1Department of Sociology, Anthropology and Social Work, Auburn University, 2Centre for GeoGenetics, University of Copenhagen, 3Department of Anthropology, University of South Carolina
Saturday 9:30-9:45, Galleria North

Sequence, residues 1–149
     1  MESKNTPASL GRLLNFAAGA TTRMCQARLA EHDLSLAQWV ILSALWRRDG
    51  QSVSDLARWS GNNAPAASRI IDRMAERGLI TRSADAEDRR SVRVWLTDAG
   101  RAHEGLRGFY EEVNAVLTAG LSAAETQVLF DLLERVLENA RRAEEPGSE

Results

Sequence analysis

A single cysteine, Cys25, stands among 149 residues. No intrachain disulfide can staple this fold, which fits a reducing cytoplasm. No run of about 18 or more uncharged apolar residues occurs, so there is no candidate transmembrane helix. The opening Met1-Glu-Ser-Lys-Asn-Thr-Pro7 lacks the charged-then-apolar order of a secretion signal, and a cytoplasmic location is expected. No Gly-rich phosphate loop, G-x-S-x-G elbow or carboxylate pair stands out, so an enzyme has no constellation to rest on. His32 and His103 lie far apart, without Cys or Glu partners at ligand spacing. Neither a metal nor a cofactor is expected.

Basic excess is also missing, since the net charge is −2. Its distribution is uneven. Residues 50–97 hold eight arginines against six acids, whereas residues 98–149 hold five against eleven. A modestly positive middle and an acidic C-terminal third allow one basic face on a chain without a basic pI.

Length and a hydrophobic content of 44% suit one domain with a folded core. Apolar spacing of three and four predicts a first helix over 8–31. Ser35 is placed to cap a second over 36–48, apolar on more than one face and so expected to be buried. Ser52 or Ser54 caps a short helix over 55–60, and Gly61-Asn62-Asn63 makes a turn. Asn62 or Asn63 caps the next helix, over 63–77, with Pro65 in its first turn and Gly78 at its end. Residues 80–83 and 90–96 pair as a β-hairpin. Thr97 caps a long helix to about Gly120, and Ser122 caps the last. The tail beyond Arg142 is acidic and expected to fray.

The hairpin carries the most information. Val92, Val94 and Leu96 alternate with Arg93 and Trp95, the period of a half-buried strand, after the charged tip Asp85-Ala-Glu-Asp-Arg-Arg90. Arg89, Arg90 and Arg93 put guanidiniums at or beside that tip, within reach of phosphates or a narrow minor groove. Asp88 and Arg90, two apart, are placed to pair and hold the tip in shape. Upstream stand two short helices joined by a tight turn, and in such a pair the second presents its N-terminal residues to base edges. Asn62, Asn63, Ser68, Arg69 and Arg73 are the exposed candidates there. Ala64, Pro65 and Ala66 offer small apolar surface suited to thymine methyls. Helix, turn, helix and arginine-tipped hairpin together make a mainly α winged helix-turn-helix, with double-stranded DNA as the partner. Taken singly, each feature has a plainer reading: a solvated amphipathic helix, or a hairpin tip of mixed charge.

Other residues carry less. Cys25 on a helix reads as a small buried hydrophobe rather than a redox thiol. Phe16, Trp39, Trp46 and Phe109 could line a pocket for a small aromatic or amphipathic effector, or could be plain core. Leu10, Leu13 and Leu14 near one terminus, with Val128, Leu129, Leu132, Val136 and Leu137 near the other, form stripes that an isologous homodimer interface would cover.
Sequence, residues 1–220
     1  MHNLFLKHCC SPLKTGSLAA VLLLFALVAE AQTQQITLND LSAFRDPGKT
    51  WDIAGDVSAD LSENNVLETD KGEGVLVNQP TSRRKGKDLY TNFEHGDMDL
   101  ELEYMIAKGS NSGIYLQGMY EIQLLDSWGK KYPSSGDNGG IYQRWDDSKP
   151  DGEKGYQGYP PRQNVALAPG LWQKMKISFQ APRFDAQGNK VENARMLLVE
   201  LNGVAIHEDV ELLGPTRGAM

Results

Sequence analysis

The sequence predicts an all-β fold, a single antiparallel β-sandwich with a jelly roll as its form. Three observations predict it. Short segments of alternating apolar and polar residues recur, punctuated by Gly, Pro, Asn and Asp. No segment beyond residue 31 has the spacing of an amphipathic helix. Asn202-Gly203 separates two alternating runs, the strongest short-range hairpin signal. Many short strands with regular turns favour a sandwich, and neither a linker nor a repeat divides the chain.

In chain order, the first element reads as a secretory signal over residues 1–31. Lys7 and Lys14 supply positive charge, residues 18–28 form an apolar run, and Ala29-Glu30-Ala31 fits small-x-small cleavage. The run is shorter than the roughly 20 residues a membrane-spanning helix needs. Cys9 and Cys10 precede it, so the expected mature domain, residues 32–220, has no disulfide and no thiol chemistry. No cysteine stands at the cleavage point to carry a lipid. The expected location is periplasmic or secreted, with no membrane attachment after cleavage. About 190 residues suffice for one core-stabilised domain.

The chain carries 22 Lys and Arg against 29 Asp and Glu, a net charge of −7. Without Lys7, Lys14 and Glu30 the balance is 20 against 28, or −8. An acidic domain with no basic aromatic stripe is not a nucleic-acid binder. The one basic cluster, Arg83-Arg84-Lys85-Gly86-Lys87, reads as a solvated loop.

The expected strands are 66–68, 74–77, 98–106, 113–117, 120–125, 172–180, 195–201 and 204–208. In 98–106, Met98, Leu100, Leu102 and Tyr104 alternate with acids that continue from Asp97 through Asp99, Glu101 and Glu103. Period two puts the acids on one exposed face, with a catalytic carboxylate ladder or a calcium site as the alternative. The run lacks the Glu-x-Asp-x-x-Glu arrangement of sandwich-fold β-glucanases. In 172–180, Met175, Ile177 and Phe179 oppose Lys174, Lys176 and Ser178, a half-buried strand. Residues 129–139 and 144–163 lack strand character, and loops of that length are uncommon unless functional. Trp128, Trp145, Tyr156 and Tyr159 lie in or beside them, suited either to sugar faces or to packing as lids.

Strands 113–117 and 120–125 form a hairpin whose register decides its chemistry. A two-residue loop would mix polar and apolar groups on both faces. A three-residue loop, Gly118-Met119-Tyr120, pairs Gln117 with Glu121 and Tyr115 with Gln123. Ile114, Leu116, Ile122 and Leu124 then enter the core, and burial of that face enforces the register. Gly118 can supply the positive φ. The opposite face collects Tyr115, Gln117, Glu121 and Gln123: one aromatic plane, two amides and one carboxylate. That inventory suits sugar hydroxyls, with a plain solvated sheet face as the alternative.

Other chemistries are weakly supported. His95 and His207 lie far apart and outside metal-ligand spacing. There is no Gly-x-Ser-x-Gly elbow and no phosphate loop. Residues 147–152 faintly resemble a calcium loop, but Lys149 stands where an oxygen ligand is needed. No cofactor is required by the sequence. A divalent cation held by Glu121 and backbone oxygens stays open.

Newton Plantation (ca. 1660-1820), Barbados has provided insight into the lives of enslaved Africans for 40 years. Excavations by Handler (1971-1973) led to craniodental studies (n=101) by Corruccini and colleagues, supporting extremely poor nutrition [LEH (20%), hypercementosis (89.4%), caries (20%)], congenital syphilis (3%), and disparities between skeletal (29 years) and historical (20 years) life expectancy. High bone lead (117.6+/-94.9 μg/g) suggested epidemic levels of lead poisoning from contaminated rum, but bone lead has since become suspected of diagenesis. Subsequent excavations (n= 49 plus 35-40 commingled) by Shuler and Pasquariello (1997-1998) revealed skeletal life expectancy (19.95 years) closer to historic predictions, similar LEH and caries rates, high periostitis (41%), and low mean stature in males (169 cm) and females (159 cm), but a surprising lack of severe and/or historically-documented diseases (e.g., syphilis, TB, leprosy). Isotope analyses (δ13C, δ15N, δ18O and 87/86Sr) on bone and dental material by Schroeder and colleagues provided the first clear evidence of Barbadian (n=18) versus African birth (n=7). Most recently, we have explored the potential for alcohol-related birth defects due to ethanol and lead exposure within this population. High dental lead (0.2 μg/g to 47.3 μg/g) values, equivalent to blood values of 2.0 μg/dl to 473 μg/dl, correlate with early mortality (p=-0.079) but not with congenital defects (e.g., co-occurring vertebral and mandibular anomalies), which was unanticipated. Here, we synthesize 40 years of geospatial, mortuary, osteological, and biochemical data from Newton to discuss quality of life for these enslaved sugar producers within a larger global and temporal framework.